For the short story reader. Updated every Monday.

The Short Form

“The Caretaker”

Anthony Doerr


In the days to come Joseph wanders farther. He sees men leading girls by chains; he stands aside so a dumptruck heaped with corpses can pass. Twenty times he is stopped and harassed; at makeshift checkpoints soldiers press the muzzles of rifles into his chest and ask if he is Liberian, if he is a Krahn, why he is not helping them fight the Krahns. Before they let him go they spit on his shirt. He hears that a band of guerillas wearing Donald Duck masks has begun eating organs of its enemies; he hears about terrorists in football cleats trampling the bellies of pregnant women.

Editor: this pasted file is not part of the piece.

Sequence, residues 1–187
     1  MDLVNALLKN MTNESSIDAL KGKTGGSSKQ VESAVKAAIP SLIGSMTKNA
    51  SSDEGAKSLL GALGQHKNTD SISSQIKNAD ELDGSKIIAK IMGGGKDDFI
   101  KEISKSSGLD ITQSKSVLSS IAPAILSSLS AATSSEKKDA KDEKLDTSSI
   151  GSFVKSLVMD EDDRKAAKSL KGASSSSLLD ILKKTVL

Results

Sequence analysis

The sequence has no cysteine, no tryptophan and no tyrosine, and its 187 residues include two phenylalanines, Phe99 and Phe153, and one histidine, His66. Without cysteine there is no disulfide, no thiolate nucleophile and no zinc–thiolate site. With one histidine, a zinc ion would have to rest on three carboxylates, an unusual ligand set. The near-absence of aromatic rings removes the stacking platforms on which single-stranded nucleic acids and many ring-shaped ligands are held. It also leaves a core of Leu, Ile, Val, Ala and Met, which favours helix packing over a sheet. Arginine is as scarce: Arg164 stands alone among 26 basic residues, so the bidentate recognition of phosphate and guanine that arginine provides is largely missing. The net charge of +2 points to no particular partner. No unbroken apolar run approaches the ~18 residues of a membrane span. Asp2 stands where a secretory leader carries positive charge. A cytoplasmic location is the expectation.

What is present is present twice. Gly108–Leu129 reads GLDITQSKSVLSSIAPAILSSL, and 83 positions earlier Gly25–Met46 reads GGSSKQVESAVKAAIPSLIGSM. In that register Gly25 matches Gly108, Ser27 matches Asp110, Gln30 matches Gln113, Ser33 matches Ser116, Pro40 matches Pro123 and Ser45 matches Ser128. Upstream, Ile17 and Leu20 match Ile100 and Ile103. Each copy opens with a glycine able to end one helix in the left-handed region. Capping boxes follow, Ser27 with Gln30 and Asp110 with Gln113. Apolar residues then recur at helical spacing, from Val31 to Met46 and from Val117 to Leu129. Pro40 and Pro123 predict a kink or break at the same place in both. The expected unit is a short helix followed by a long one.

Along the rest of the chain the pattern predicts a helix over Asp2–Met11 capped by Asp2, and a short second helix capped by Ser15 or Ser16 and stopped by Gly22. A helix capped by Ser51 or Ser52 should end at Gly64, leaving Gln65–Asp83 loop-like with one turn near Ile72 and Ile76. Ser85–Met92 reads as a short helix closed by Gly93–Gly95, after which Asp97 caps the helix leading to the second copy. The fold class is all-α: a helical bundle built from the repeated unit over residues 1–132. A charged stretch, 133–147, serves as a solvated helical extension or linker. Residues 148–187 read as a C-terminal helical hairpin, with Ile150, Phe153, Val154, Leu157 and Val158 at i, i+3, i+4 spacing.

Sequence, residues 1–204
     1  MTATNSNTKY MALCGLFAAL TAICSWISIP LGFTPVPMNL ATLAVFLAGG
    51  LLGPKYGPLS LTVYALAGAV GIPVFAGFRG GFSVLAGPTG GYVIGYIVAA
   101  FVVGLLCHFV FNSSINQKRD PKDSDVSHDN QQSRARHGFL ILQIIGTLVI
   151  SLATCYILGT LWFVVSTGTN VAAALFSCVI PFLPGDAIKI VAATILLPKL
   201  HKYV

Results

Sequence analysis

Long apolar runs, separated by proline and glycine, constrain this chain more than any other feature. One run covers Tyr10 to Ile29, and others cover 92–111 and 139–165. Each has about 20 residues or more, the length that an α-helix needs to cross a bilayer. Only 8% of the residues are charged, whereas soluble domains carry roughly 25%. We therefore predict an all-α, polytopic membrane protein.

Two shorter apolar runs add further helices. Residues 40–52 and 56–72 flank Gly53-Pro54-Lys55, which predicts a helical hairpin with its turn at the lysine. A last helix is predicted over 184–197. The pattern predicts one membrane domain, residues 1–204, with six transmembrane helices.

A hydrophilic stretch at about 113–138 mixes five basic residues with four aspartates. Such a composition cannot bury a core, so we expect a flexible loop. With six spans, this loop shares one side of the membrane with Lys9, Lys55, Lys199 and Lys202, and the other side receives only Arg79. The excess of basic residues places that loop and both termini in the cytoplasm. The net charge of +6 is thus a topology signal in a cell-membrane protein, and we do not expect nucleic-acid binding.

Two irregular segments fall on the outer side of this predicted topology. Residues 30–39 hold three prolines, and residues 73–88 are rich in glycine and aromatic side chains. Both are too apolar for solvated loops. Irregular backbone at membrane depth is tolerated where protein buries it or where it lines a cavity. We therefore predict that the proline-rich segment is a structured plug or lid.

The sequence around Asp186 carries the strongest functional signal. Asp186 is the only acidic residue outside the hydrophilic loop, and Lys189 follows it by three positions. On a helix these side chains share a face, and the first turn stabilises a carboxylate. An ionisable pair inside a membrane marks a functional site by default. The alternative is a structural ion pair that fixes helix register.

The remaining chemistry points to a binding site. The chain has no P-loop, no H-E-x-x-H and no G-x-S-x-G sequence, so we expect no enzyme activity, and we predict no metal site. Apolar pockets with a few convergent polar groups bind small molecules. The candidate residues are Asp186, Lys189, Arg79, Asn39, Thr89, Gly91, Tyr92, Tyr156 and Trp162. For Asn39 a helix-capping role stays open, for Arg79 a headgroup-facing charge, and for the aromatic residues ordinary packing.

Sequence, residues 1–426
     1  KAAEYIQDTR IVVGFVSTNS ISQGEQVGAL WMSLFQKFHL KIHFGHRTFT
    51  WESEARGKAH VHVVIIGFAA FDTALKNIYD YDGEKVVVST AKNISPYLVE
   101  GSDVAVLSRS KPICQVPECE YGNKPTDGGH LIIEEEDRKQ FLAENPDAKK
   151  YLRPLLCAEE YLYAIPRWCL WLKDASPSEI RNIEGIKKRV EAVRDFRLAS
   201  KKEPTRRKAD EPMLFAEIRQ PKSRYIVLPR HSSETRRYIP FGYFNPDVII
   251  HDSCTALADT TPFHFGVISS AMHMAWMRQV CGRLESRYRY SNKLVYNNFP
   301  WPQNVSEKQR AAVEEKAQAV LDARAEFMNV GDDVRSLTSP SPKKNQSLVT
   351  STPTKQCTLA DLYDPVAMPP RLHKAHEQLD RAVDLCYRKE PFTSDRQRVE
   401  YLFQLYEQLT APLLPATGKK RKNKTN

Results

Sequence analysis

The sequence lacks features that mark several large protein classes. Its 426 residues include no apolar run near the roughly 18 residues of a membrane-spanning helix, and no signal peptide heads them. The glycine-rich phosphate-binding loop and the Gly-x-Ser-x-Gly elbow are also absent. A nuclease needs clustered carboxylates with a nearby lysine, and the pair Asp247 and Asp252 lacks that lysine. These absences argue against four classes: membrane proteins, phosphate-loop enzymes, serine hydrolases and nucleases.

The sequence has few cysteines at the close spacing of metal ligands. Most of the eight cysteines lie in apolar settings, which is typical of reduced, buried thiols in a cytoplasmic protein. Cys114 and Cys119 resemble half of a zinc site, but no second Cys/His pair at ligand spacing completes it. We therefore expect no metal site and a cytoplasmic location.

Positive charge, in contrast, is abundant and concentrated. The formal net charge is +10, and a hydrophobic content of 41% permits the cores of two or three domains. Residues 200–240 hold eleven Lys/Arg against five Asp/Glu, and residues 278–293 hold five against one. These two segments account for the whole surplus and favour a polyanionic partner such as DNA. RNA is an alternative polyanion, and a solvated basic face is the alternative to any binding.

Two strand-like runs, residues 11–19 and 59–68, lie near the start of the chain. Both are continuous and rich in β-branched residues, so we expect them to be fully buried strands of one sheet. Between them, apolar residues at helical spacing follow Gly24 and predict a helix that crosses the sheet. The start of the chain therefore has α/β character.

Nowhere does anyone claim to know his mother's whereabouts. From the front step he watches the neighbors raid the garden. The boys he paid to loot stores no longer come by. On the radio a soldier named Charles Taylor brags of killing fifty Nigerian peacekeepers with forty-two bullets. “They die so easily,” he boasts. “It is like sprinkling salt onto the back of slugs.”

We read it in The Shell Collector.